At that point in his brooding Scully said, "I could write her a letter if you want me to."

He didn't reply because he was afraid he'd scream in frustration instead. His right arm was in a cast and the brain damage had almost completely paralyzed his left arm and leg--he was nearly as helpless as a newborn baby. The only thing that kept him from screaming was the fear that he'd trigger a headache if he opened his mouth that wide and made that much noise.

Scully must have learned how to read his mind because this time she said, "Mulder, you know, if you weren't so weak you'd be besieged by every neurosurgeon, neurologist, memory expert, and therapist on the East Coast."

He blinked at her in surprise. "Huh?"

She grinned at him. "Isabelle--that's Dr. Carrington, your doctor, by the way--and your PT think your recovery is due to your eidetic memory. Isabelle doesn't know how, of course, but you're getting back the use of your left side at a rate that's nearly unbelievable."

He smiled at finally hearing some good news and turned his attention to something equally important. "So what happened to me, Scully? Nobody's told me anything." Moving very slowly to minimize the headache and dizziness from the skull fractures, Mulder shifted his head to center his uncovered left eye on her. "If I haven't remembered it yet, can't we assume the retrograde amnesia is permanent?"

Scully shifted from standing with her weight on her right foot to standing with her weight centered, and crossed her arms, giving him one of her patented "Don't try my patience, Mulder" looks. As much as he could see her in the dim light which was all he could tolerate, she looked exhausted and out of sorts, but he didn't care. Right now she was the most beautiful person he'd ever seen. Not that Mrs. Scully wasn't good looking, but she wasn't the right Scully.

His Scully might have been at his bedside eighteen to twenty hours a day for two full weeks, but he didn't remember seeing her. He didn't remember seeing her mother either, except for today before Scully came. Hell, he didn't remember much of _anything_ from the last five days. As far as he could remember, this was the first time he'd seen Scully since saying goodnight on June 4th. At least that was better than it had been. When he first woke up, according to the nurse, he couldn't remember anything after Memorial Day. It was frustrating. It was more than frustrating, it was driving him crazy.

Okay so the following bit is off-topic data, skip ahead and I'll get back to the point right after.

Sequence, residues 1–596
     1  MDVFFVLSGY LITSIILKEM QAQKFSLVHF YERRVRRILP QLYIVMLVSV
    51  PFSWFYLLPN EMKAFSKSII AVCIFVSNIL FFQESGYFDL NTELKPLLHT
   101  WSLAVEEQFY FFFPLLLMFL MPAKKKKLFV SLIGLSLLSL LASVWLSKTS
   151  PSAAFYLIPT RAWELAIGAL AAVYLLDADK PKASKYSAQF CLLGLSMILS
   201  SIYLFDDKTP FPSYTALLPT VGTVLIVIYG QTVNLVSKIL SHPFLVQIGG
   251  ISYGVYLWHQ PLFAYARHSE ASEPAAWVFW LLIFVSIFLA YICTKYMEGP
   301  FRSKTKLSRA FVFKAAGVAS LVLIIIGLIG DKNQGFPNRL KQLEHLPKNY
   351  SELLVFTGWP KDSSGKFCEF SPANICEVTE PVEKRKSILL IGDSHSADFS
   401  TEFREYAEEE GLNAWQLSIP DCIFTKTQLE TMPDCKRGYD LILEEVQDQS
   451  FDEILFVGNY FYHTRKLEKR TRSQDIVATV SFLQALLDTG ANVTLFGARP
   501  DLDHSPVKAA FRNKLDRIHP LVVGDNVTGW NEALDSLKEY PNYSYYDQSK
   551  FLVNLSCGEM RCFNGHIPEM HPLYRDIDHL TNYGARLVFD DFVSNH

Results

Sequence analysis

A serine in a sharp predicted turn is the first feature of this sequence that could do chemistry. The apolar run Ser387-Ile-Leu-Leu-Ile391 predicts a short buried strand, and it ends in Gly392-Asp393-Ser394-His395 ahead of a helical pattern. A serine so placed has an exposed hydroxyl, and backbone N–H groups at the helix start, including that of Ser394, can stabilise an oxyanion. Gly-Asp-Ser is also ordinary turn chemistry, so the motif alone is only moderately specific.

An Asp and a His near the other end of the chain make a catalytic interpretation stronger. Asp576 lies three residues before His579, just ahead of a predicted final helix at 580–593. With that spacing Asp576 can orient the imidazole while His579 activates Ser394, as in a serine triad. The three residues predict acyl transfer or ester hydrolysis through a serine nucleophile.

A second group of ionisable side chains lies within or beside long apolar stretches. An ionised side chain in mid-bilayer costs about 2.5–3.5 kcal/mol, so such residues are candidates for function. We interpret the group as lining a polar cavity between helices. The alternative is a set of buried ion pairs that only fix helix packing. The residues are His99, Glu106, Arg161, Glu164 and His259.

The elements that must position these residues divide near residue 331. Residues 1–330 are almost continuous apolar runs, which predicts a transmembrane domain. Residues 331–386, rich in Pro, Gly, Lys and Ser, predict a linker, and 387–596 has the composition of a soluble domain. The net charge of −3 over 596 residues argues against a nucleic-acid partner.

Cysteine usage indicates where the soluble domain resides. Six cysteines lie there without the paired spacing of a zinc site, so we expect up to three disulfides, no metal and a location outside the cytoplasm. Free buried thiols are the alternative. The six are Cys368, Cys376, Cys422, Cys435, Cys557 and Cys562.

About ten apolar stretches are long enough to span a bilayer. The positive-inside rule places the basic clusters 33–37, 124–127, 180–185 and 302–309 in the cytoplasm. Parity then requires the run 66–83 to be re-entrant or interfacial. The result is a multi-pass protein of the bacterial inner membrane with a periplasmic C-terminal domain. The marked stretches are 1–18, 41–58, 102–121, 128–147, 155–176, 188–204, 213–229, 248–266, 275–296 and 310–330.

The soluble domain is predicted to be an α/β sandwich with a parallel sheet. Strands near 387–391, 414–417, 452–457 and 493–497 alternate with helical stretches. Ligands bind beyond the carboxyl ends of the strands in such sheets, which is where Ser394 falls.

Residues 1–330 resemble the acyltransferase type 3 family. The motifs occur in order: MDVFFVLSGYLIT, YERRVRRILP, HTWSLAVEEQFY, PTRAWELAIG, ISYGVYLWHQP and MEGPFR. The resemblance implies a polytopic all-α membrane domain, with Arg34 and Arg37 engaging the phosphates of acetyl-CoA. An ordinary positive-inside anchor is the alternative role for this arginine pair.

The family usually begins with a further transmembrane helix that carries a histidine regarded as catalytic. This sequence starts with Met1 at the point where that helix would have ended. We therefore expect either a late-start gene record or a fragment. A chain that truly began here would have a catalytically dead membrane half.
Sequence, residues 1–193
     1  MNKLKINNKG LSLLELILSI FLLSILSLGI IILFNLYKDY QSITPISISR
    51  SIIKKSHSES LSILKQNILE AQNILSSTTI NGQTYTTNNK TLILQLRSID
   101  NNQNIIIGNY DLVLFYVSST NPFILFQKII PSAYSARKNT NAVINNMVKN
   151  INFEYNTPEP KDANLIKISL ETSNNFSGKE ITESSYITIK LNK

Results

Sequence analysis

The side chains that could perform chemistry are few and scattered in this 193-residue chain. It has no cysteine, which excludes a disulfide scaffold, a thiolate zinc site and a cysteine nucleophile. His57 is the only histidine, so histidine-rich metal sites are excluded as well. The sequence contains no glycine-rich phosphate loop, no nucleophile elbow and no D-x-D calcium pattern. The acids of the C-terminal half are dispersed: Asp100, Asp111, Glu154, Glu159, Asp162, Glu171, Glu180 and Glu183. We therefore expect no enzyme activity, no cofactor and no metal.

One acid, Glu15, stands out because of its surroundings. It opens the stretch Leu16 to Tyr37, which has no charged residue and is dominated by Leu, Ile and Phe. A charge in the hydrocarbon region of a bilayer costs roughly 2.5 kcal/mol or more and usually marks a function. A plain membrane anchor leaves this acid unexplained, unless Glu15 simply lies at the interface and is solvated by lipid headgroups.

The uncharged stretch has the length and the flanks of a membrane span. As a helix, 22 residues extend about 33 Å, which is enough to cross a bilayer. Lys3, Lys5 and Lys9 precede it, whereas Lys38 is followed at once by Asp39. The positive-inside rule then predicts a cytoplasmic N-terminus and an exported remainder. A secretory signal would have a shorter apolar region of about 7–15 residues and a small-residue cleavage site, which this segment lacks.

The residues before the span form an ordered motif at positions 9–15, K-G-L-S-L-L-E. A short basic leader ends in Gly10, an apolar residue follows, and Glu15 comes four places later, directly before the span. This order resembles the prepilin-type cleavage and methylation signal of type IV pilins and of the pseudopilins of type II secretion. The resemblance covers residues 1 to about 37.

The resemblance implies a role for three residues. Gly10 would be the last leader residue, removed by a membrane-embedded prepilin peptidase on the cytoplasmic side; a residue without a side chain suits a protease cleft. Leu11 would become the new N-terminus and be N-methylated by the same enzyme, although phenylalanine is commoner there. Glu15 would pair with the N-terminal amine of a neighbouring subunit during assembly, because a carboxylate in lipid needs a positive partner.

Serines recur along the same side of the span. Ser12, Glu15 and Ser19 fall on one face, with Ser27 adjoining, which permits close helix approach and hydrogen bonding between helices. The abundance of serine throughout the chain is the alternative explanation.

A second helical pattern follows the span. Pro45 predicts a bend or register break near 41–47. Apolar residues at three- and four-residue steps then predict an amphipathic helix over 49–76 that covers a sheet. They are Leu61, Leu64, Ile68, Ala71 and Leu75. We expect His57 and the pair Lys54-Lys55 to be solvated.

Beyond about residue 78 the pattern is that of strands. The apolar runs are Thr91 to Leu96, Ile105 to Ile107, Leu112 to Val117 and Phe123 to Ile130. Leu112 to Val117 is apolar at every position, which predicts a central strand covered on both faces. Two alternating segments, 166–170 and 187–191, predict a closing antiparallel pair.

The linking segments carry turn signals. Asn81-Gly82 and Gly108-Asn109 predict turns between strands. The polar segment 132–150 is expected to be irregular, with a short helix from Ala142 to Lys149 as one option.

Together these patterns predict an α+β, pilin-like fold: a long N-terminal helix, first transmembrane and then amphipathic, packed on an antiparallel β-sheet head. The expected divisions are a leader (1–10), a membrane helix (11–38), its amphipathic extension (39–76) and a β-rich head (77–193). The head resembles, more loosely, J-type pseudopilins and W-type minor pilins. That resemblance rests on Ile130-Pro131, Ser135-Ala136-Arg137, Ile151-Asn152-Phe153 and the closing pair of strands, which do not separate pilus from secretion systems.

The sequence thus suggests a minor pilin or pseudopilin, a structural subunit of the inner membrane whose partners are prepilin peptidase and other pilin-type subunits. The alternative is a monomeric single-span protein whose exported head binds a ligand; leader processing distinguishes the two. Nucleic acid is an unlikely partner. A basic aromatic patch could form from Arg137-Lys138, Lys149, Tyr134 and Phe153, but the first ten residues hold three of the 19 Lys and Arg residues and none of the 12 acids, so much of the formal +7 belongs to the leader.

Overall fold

He knew the medical reason for the gaping hole in his memory-- retrograde and anterograde amnesia secondary to traumatic brain injury. His chart would have TBI as his primary diagnosis, and they would gauge his overall progress, to a certain extent, on how quickly he regained his memories from before the accident, and on how soon his memory since he woke up started being continuous rather than spotty. But knowing the reason for the amnesia didn't make it any easier to accept. And this was nothing like the few hours he'd lost when he'd had his memory tinkered with at Ellens Air Force Base. If he counted in the time after whatever-it-was happened until his first clear memory, then he was talking about more than three weeks missing.

How was he supposed to live with all that time missing? How the hell was he supposed to live if his memory never got any better than it was now? It wasn't like for other people. They didn't have eidetic memories. They--

Scully was answering him, and she'd be pissed if he wasn't paying attention.

"Mulder, I can't. You have to talk to the police first and--" She stopped in mid-sentence with a look of horror on her face.

He pounced. "Too late, Scully. You can't take it back. If I have to talk to the police, then get them in here *today*, and then tell me what the hell happened to me! For that matter, why the police? Why not you? Why not Ski--?"

His entire head exploded into agony, so bad he could feel himself teetering on the brink of unconsciousness. Scully must have pushed the button on his IV pump that gave him an extra dose of Demerol, because after several minutes he could feel the pain slowly back down toward its usual level. When he could open his eye again and look at her, Scully was talking to a nurse he hadn't heard come in. He caught the end of her explanation: ". . . tried to say too much at once. All that muscle movement--" The nurse nodded and left.

That was interesting. It made sense, too. They wouldn't even let him try pureed foods instead of the Ensure he drank for meals because that would be too much work. Chewing and talking used a lot of the same facial muscles, so if simply mouthing pureed "whatever" was working too hard, then saying more than a couple of sentences at once was obviously working too long.